As a thought experiment, imagine a person with considerable wealth and/or vast unfettered access to professional printing services, to the point where this person can print up professionally-bound books of any desired content. This person prints up a (nearly) word-for-word copy of the New International Version of the Bible, with a few minor changes to Chapters 1 and 2 of the Book of Genesis, such that creation takes seven days and…
*Gen 2:1 Thus the heavens and the earth were completed in all their vast array.
2:2 By the eighth day God had finished the work he had been doing; so on the eighth day he rested from all his work.
2:3 Then God blessed the eighth day and made it holy, because on it he rested from all the work of creating that he had done.*
This would not be difficult at all to compose. Perhaps the creation on the fifth day, which in the NIV described God creating sea creatures and birds, gets spread out so on Day 5, it’s fish, and on Day 6, it’s birds, to be followed on Day 7 by land animals and humans, and Day 8 to rest.
Now, that person begins printing and distributing his new bible, handing it out for free, sending them by the tens of thousands all over the world without fanfare. Biblica incorporated may (and probably would) object as they are the copyright holders on the NIV, but beyond that what argument could anyone make that the seventh-day version is better than the eighth-day version? What evidence can they bring to bear, even hypothetically, that supports such a claim? And suppose a child in Peru or Gambia of Tasmania gets one of the new bibles as their first bible and accepts the eighth-day creation. What arguments can use to convince them they are wrong, assuming they are wrong?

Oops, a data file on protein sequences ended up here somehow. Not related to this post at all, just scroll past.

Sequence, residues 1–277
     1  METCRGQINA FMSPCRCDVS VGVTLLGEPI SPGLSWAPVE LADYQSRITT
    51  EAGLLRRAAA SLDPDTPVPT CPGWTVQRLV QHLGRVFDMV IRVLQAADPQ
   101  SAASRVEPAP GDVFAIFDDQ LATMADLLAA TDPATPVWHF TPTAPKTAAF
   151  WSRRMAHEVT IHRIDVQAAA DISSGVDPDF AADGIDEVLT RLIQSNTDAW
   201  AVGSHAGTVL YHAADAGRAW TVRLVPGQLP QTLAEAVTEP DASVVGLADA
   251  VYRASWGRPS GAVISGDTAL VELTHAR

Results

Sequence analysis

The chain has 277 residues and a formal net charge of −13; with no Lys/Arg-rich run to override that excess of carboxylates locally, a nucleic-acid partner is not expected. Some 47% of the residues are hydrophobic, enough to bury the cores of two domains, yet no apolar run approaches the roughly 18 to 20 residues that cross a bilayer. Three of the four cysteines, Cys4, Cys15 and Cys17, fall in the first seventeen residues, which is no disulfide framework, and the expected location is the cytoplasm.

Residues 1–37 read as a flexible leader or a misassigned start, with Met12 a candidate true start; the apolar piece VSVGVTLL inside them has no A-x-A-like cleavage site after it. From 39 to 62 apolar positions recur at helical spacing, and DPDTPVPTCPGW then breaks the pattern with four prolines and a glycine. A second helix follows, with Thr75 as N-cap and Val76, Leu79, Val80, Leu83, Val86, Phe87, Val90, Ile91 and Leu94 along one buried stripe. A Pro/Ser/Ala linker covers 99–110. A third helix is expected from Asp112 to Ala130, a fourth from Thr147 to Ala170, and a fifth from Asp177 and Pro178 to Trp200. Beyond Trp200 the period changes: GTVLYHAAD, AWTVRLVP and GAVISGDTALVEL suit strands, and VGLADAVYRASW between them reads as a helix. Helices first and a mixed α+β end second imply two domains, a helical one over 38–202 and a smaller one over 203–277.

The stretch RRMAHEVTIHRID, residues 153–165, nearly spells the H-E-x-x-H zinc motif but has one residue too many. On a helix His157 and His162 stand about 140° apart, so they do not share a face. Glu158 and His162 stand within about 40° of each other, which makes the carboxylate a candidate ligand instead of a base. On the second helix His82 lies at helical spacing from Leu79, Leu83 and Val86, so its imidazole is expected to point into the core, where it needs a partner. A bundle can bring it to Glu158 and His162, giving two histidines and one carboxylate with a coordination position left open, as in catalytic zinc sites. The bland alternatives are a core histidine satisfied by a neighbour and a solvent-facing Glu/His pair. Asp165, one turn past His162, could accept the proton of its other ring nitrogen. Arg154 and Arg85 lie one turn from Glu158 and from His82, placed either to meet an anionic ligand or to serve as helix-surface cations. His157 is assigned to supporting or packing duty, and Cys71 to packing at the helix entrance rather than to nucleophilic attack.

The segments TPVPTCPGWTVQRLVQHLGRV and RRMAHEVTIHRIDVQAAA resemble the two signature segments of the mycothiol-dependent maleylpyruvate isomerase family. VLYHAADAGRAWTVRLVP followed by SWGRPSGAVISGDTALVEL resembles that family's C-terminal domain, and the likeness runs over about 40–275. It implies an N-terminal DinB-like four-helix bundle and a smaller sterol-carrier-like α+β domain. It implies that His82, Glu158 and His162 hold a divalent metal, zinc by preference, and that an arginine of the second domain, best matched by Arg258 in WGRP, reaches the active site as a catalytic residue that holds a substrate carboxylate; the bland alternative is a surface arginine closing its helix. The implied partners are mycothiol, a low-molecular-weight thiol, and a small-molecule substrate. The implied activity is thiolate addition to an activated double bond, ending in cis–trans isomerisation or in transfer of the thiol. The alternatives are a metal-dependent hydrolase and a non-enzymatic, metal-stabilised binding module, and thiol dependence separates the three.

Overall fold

In contrast, the person might also produce, say, a chemistry textbook which is in all respects identical to a standard textbook, except that in the new book’s periodic tables, gold is element #80 while mercury is element #79, a reversal of the standard. Now, objectors have an avenue of evidence - they can subject gold and mercury to various experiments (indeed recreating the experiments that placed gold and mercury in the periodic table originally) and demonstrate that the new chemistry text is indeed in error.
In general terms, which beliefs, if any, within the western religions (by which I mean Judaism, Christianity and Islam, and if anyone can suggest a better term to cover the faiths that revere Genesis, they are invited to do so) are not subject to casual substitution? If one produces a bible in which “God” is replaced by a pair of cooperating gods who always work together and are never mentioned separately, and all text accordingly altered ("… have no other gods before us…"), does that bible have more objective merit or less objective merit than a standard version?
And even more generally, what aspects of religious mythology are not arbitrary? If all bibles were lost, what process could one hypothetically use to recreate one, as one might use a scientific process to recreate the periodic table if all chemistry textbooks were lost? If the recreated bible has a few minor differences (or a lot of minor differences, or a few major ones), how could one prove it?